Why does acrylic get hot during the application? Am I doing something wrong? Am I not getting the proportion right? These may be questions associated with the burning sensation that one faces on their acrylic nail application.
You may experience a burning sensation from your acrylic if it is your first experience. Apart from these, it can be caused when excessive acrylic powder is applied to thin nails or when too much primer is used.
You must understand that acrylic nails contain high chemical solutions. Humans have different levels of tolerance for them. It is quite difficult to tell who is having a strong reaction to it or not. So when you use it and find out that it is hurting, you can consider trying out some corrective tips that are listed below. You can discontinue the application of acrylic nails for severe constant pain.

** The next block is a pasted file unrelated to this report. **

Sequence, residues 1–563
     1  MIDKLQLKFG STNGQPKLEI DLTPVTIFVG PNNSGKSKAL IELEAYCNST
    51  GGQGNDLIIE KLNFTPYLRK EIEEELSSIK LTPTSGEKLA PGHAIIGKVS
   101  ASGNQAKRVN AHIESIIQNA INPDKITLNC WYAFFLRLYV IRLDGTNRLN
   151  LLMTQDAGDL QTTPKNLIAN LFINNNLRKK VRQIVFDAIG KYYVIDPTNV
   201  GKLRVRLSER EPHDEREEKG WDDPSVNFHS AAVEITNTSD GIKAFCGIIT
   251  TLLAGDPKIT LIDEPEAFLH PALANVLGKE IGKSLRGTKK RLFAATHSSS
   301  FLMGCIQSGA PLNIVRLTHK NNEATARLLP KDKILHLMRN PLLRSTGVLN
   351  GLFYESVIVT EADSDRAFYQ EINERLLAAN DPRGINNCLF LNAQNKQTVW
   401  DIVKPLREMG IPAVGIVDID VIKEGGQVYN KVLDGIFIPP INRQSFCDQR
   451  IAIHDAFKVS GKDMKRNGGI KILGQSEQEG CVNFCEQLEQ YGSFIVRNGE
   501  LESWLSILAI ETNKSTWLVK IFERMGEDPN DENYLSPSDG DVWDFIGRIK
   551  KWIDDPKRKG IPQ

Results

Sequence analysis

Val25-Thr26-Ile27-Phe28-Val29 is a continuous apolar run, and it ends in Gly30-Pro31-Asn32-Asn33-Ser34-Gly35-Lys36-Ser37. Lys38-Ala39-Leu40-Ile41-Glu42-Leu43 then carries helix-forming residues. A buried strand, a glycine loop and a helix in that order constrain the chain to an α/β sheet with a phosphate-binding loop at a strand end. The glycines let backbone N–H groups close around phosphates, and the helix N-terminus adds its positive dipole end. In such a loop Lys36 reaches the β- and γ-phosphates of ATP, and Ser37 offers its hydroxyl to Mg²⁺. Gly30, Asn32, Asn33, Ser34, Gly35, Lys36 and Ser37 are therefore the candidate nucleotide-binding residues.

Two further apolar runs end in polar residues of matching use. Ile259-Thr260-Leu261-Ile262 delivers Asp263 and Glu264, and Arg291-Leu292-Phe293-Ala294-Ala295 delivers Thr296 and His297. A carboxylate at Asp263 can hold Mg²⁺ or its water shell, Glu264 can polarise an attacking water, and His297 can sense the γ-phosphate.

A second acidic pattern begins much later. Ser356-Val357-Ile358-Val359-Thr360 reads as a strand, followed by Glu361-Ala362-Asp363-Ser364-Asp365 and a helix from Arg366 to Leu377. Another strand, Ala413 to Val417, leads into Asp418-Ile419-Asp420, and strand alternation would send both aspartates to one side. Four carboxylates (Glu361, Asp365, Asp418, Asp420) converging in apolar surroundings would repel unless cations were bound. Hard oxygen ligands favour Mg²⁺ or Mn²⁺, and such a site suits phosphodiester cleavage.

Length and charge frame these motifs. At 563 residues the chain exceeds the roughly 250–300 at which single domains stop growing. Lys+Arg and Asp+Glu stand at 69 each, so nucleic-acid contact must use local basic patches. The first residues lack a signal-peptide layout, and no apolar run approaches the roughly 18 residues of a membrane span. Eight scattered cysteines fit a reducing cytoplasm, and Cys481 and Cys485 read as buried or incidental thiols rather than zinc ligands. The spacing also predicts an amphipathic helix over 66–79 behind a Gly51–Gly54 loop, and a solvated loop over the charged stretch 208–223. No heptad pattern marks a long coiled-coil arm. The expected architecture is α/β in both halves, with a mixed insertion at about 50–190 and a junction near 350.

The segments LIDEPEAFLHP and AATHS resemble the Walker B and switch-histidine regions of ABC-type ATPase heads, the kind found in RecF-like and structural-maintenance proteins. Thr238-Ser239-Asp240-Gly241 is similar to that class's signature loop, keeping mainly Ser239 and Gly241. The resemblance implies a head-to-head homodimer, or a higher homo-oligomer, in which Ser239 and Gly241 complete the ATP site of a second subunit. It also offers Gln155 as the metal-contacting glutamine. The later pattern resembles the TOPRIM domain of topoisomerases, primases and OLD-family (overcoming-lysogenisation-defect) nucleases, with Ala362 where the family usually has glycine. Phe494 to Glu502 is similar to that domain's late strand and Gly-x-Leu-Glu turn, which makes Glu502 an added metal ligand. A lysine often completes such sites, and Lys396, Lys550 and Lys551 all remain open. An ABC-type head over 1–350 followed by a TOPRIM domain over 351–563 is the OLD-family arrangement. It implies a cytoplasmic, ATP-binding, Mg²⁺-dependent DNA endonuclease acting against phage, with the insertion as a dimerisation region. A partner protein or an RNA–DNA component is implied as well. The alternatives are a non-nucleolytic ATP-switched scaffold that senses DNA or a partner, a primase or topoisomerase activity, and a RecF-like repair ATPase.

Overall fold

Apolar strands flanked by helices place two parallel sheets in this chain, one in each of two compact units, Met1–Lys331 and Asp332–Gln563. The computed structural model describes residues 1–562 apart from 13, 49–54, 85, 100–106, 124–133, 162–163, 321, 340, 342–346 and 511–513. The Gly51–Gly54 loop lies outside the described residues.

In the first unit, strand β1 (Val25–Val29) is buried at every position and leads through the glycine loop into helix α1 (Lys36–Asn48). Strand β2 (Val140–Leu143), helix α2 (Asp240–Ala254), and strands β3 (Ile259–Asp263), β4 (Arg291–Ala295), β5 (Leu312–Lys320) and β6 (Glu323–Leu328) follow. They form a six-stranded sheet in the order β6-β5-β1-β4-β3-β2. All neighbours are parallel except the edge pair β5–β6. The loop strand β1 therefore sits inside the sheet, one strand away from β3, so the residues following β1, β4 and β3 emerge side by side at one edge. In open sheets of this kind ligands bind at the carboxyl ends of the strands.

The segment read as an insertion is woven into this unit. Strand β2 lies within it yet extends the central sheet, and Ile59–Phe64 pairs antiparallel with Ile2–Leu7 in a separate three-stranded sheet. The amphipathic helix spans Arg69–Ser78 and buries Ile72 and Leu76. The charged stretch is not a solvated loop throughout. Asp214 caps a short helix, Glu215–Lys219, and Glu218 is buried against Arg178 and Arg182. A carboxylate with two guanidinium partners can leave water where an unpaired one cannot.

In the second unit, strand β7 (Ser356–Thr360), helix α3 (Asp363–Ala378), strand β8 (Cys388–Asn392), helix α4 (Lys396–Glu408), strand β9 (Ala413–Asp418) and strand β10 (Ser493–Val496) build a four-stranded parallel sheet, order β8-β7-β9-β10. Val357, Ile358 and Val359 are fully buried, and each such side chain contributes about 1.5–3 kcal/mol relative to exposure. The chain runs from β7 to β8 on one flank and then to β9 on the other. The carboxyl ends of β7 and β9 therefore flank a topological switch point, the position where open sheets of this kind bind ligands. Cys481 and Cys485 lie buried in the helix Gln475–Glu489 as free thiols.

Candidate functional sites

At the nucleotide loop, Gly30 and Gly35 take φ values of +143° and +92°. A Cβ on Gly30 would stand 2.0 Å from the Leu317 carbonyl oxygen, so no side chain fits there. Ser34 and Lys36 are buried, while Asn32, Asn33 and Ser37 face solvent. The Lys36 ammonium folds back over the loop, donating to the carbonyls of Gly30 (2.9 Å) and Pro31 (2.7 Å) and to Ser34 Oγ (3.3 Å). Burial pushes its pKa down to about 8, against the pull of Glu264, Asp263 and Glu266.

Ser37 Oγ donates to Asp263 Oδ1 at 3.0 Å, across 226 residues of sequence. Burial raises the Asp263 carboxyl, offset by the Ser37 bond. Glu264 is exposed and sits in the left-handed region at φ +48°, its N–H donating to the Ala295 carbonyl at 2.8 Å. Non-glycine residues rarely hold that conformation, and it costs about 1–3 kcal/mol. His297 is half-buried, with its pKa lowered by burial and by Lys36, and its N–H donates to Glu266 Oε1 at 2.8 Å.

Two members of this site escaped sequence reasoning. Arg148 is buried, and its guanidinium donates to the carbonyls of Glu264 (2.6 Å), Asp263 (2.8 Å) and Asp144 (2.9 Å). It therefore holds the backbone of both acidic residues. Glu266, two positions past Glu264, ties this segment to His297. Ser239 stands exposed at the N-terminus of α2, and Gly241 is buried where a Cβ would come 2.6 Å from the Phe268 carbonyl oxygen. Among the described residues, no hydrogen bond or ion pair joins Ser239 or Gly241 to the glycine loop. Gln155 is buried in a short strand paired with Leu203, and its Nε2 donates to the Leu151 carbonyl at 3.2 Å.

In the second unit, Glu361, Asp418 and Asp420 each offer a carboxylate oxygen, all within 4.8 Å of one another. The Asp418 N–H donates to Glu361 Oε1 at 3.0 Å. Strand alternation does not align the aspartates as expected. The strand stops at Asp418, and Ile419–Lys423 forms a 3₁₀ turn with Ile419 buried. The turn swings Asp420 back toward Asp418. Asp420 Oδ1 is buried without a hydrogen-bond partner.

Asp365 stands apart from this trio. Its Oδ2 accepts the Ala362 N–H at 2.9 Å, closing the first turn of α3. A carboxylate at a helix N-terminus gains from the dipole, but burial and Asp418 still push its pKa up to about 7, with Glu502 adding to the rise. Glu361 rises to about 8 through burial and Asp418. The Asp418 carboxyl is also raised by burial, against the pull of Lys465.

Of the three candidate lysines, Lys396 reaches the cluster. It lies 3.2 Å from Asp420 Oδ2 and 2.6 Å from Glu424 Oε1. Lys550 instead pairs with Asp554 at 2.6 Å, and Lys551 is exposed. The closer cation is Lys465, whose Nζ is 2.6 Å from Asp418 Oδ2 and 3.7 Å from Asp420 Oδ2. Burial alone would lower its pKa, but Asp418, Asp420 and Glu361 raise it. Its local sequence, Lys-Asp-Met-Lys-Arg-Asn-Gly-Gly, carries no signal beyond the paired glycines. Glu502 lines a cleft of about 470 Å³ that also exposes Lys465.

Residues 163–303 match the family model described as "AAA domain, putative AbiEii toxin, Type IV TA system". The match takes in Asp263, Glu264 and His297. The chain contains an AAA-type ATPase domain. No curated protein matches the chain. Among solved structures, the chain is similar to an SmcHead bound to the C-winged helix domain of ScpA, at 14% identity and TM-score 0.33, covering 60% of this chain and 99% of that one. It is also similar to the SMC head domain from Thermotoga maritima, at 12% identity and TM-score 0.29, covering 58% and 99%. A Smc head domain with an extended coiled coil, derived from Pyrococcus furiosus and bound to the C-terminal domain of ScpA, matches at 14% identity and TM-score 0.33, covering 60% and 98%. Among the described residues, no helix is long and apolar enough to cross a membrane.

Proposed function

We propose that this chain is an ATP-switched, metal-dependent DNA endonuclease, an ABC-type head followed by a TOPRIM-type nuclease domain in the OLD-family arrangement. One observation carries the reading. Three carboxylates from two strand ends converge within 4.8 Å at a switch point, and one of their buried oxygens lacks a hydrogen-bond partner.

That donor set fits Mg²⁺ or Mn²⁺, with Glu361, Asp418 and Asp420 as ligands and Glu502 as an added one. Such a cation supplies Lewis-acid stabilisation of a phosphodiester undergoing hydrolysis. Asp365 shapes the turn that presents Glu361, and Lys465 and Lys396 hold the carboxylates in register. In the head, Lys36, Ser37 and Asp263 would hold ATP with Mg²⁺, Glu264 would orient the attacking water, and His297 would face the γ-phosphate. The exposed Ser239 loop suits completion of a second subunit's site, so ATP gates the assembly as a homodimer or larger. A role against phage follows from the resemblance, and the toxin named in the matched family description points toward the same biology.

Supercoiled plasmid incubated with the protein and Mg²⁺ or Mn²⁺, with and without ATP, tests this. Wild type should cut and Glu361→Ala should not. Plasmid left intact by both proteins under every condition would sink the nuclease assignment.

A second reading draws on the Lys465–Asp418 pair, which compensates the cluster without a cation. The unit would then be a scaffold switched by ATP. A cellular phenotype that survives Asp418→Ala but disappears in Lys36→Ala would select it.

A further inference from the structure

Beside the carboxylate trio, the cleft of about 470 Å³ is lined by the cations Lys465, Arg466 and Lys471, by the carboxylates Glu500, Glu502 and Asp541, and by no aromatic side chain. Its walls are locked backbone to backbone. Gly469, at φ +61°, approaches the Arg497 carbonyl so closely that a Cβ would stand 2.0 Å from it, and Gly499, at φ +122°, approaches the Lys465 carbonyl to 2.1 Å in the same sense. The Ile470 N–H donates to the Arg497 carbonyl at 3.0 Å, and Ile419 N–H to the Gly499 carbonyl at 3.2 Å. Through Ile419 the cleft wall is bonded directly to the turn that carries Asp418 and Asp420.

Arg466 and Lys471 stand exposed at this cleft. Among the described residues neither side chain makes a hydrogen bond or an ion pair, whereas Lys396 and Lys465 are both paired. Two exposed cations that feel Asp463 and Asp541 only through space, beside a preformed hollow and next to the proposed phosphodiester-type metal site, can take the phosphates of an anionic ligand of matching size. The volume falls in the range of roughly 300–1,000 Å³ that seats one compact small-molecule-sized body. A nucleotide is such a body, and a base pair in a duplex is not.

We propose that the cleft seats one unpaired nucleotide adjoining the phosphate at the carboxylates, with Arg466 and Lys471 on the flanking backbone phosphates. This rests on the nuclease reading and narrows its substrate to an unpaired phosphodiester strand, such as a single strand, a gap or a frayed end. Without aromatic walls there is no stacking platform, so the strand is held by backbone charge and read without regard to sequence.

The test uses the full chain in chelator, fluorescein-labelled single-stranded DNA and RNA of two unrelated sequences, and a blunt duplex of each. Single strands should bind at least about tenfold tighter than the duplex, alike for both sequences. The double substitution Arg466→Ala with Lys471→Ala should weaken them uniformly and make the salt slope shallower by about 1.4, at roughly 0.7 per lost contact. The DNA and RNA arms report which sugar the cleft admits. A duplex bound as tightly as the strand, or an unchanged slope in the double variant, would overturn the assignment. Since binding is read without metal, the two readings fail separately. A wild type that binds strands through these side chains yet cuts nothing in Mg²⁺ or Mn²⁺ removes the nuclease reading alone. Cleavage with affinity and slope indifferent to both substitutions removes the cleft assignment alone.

Below are some of the reasons why you’re Acrylic gets hot in more elaborate forms
5 Main Reasons Why Your Acrylics Get Hot
- When your gel acrylic nails aren’t correctly cured.
When your gel acrylic nails aren’t correctly cured, it might cause the nail to burn. To solve this, you should try using a slower curing gel to help slow down the curing process; this will help ensure that your acrylic nails are correctly done. Also, you can try removing your nails from the UV light from time to time to soothe the sensation so that you won’t get burnt.
- inappropriate preparation of the nails